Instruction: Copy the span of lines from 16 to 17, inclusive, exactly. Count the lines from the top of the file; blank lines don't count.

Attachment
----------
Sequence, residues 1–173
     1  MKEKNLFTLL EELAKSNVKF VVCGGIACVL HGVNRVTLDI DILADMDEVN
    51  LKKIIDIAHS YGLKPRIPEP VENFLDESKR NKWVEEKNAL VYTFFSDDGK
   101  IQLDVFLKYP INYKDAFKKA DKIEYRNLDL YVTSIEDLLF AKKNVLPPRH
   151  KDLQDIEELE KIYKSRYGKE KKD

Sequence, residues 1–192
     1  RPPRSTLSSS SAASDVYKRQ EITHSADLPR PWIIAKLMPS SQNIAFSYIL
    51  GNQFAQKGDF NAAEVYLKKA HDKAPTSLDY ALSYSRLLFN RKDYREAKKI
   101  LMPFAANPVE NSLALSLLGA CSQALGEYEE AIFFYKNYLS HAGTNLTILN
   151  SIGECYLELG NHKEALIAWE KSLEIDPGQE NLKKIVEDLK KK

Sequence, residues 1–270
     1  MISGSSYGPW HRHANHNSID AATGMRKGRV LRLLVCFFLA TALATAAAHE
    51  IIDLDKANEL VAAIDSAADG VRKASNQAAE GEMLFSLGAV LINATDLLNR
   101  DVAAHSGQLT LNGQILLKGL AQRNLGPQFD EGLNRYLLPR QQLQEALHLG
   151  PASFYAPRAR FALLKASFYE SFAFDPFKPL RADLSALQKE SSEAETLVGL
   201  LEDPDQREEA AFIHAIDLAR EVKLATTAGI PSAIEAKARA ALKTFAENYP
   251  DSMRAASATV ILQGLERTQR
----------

   201  LEDPDQREEA AFIHAIDLAR EVKLATTAGI PSAIEAKARA ALKTFAENYP
   251  DSMRAASATV ILQGLERTQR